Hayley shares this latest news from Colin Peak, NSPCC’s Regional Head of Service for London & South East. Ed
Scenes in the BBC’s new three part drama ‘Three Girls’, which is based on the true stories of victims of grooming and sexual abuse in Rochdale, will have been heart-breaking and harrowing for viewers to watch when it aired.
But the harsh reality is that we need programmes like this to be made if we are ever going to lift the lid on child sexual exploitation (CSE).
Horrific crime with lifelong effects
Often unseen, it is a horrific crime which may have lifelong effects on its vulnerable young victims.
It can happen to any young person whatever their background, age, gender, race or sexuality. And it can take place online or in the real world.
In some cases, young people are persuaded or forced into exchanging sexual activity for money, drugs, gifts, affection or status.
Sadly, many victims often trust their abuser and don’t understand that they’re being abused as they believe they are in a loving consensual relationship.
Protect and Respect helped 1,866 in need
Since 2011 the NSPCC’s child sexual exploitation service, Protect and Respect, has directly helped 1,866 children and young people across the UK who have either been sexually exploited, or are at risk of being targeted, with the typical victim being a 15-year-old girl.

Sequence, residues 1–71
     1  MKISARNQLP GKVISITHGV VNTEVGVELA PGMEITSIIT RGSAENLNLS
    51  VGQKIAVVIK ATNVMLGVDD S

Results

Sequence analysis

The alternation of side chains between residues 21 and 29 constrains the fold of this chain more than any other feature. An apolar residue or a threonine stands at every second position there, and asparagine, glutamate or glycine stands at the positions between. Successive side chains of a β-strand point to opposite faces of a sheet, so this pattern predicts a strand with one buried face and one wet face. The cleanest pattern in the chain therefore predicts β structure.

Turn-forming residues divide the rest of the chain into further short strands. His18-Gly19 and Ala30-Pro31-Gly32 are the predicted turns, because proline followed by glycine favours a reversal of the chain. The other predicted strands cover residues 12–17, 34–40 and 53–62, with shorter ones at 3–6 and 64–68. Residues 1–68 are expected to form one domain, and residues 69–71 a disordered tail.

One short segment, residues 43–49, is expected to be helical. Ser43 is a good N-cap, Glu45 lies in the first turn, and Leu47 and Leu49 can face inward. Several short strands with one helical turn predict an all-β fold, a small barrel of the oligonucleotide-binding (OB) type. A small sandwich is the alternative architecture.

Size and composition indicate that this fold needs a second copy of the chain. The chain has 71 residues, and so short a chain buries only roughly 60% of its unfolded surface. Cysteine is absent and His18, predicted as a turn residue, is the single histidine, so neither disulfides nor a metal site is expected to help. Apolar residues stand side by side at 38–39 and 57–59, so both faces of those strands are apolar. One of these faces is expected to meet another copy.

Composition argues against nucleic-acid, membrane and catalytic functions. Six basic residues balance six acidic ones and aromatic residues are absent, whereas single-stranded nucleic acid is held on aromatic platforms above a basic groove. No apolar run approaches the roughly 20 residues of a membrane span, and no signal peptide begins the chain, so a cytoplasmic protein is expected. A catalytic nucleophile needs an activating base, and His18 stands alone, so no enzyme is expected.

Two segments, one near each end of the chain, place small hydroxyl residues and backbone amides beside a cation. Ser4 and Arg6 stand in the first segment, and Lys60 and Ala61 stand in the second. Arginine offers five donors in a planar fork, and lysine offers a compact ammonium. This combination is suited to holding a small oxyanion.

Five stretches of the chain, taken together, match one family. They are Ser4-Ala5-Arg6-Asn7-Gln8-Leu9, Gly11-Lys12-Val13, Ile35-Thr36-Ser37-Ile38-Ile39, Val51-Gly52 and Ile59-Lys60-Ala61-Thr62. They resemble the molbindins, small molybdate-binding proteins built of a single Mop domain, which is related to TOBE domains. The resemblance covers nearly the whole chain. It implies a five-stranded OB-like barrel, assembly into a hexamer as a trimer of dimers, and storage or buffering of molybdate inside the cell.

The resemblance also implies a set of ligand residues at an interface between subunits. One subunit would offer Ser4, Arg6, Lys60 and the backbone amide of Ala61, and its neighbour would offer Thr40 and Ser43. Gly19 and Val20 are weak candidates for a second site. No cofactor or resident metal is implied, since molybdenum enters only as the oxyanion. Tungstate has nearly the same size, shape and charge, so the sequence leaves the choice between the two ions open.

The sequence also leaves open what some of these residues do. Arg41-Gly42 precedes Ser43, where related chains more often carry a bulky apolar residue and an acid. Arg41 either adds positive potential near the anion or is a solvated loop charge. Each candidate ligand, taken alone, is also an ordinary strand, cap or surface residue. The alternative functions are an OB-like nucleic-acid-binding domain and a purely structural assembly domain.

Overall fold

To help us protect children further, the NSPCC is encouraging everyone to think about, recognise and speak out against the sexual exploitation of children so we can tackle CSE together.
In order to do this people from all walks of life need to be aware of the signs, children and young people need to learn about healthy relationships, everyone needs to know how to report their concerns, and perpetrators need to be identified and prosecuted.
Be aware of the signs
Young people who are being sexually exploited may:
- be involved in abusive relationships, intimidated and fearful of certain people or situations
- hang out with groups of older people, or antisocial groups, or with other vulnerable peers
- associate with other young people involved in sexual exploitation
- get involved in gangs, gang fights, gang membership
- have older boyfriends or girlfriends
- spend time at places of concern, such as hotels or known brothels
- not know where they are, because they have been moved around the country
- go missing from home, care or education
They may also show signs of sexual abuse or grooming.
Do any of the signs of sexual exploitation raise concerns for you?
If so, or if you are concerned for any other reason that a young person is a victim of, or is at risk of, child sexual exploitation, you can contact the NSPCC helpline on 0808 800 5000 or email email@example.com
If you think a child is in immediate danger then don’t delay – call the police on 999.
For more information about CSE and Protect and Respect visit the NSPCC Website.